Hidden Sources of Sugar

On average, Americans eat about 17 teaspoons of added sugar each day. Most of this is hidden within processed foods, so people don’t even realize they’re eating it. All this sugar may be a key factor in several major illnesses, including inflammatory bowel disease.

Nutrition labels on packaged foods in the United States are required to list the total grams of sugar per serving, in addition to providing a list of all ingredients the product contains. But when it comes to ingredient lists, “sugar” isn’t the only name sugar goes by. There are more than 100 different names for sugar on ingredient labels.

If you’re looking to make more informed choices regarding the amount of added sugars in your eating pattern, here are the names of some of the most common aliases that sugar goes by on food labels:

Basic Simple Sugars:

• Dextrose
• Fructose
• Galactose
• Glucose
Lactose
• Maltose
• Sucrose (the most common type of sugar, often called “table sugar”)

Solid or Granulated Sugars:

• Beet sugar
• Brown sugar
• Cane juice crystals
• Cane sugar
• Castor sugar
• Coconut sugar
• Confectioner’s sugar (aka, powdered sugar)
• Corn syrup solids
• Crystalline fructose
• Date sugar
• Demerara sugar
• Dextrin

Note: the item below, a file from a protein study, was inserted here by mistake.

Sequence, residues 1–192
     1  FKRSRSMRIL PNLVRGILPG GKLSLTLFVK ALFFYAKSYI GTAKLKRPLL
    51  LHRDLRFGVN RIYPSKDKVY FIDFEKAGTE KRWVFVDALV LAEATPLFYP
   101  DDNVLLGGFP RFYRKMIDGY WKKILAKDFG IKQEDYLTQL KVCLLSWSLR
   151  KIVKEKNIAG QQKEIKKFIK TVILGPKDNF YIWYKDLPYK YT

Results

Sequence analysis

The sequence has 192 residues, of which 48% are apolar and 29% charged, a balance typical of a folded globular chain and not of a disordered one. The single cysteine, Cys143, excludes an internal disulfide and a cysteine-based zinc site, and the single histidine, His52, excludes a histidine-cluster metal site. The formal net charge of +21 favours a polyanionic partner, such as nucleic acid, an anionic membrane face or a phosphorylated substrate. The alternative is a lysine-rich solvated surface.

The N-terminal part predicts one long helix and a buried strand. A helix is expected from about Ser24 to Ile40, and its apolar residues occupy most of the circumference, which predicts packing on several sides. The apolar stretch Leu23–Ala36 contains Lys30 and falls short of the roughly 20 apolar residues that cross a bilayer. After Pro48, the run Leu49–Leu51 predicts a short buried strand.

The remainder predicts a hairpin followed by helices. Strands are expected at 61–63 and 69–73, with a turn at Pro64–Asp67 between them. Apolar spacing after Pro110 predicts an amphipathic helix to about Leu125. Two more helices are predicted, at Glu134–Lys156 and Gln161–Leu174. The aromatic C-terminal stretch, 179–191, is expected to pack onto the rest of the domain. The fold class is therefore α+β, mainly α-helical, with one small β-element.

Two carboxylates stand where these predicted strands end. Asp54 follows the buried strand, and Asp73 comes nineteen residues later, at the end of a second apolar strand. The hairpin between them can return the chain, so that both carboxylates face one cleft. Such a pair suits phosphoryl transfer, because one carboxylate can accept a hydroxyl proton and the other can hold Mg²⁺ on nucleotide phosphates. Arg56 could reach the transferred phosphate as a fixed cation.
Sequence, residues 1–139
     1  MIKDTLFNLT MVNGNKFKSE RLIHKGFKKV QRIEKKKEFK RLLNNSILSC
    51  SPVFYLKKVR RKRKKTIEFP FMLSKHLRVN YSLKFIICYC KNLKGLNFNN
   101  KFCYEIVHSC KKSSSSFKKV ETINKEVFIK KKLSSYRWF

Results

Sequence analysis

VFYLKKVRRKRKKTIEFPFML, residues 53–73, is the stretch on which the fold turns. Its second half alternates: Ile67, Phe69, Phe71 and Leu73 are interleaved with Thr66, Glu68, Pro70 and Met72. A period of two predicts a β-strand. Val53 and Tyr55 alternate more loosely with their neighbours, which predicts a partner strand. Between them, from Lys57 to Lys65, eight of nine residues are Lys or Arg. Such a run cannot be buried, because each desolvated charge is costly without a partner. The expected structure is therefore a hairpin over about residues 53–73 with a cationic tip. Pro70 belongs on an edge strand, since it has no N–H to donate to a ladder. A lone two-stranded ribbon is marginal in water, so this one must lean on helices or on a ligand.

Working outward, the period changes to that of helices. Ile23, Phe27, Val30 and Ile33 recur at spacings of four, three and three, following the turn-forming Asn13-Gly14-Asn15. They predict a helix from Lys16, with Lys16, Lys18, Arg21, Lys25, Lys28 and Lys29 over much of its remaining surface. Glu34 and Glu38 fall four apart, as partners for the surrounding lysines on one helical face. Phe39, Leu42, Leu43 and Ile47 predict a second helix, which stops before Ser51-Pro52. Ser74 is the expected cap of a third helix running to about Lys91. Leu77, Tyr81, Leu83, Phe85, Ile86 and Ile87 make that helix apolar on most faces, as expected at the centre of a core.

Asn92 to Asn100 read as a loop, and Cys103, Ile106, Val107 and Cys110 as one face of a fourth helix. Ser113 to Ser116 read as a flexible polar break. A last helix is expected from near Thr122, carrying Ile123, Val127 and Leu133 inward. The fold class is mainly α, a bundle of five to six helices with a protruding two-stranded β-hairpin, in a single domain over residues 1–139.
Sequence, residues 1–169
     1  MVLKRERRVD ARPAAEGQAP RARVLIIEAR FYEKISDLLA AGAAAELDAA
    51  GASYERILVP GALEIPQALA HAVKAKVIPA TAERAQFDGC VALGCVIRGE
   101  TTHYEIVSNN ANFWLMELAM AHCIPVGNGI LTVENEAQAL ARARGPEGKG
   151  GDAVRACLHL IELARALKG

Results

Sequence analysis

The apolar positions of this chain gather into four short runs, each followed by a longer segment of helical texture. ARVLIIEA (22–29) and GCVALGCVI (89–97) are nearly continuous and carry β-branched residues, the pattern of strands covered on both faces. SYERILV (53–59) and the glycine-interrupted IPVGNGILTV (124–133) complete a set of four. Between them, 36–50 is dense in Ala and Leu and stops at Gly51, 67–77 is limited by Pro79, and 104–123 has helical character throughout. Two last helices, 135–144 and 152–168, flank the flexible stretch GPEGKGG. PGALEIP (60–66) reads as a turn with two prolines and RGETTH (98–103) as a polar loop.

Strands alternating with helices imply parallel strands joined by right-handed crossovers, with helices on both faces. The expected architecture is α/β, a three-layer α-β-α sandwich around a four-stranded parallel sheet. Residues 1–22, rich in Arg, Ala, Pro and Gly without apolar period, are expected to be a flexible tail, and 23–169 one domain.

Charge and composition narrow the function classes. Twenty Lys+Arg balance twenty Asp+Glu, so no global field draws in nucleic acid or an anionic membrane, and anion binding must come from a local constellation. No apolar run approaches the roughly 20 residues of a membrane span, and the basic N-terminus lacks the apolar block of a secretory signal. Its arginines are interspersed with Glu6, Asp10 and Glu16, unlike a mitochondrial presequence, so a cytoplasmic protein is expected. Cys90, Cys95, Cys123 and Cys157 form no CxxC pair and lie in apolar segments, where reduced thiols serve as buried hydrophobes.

• Diastatic malt
• Ethyl maltol
• Florida crystals
• Golden sugar
• Glucose syrup solids
• Grape sugar
• Icing sugar
• Maltodextrin (especially not recommended for IBD)
• Muscovado sugar
• Panela sugar
• Raw sugar
• Sugar (granulated or table)
• Sucanat
• Turbinado sugar
• Yellow sugar

Liquid or Syrup Sugars:

• Agave Nectar/Syrup
• Barley malt
• Blackstrap molasses
• Brown rice syrup
• Buttered sugar/buttercream
• Caramel
• Carob syrup
• Corn syrup
• Evaporated cane juice
• Fruit juice
• Fruit juice concentrate
Golden syrup
• High-Fructose Corn Syrup (may also be listed as “HFCS”)
• Honey
• Invert sugar
• Malt syrup
• Maple syrup
• Molasses
• Rice syrup
• Refiner’s syrup
• Sorghum syrup
• Treacle

Take Home Message

Because sugar has been linked to the higher incidence of IBD, greater hospitalizations and worse symptoms with IBD, and can cause diarrhea in concentrated amounts, there is a case to be made for seeking out some simple swaps to reduce the amount of sugar in your eating plan in favor of alternatives naturally lower in sugar.

Want more information and tools to learn what foods to add to your eating plan?

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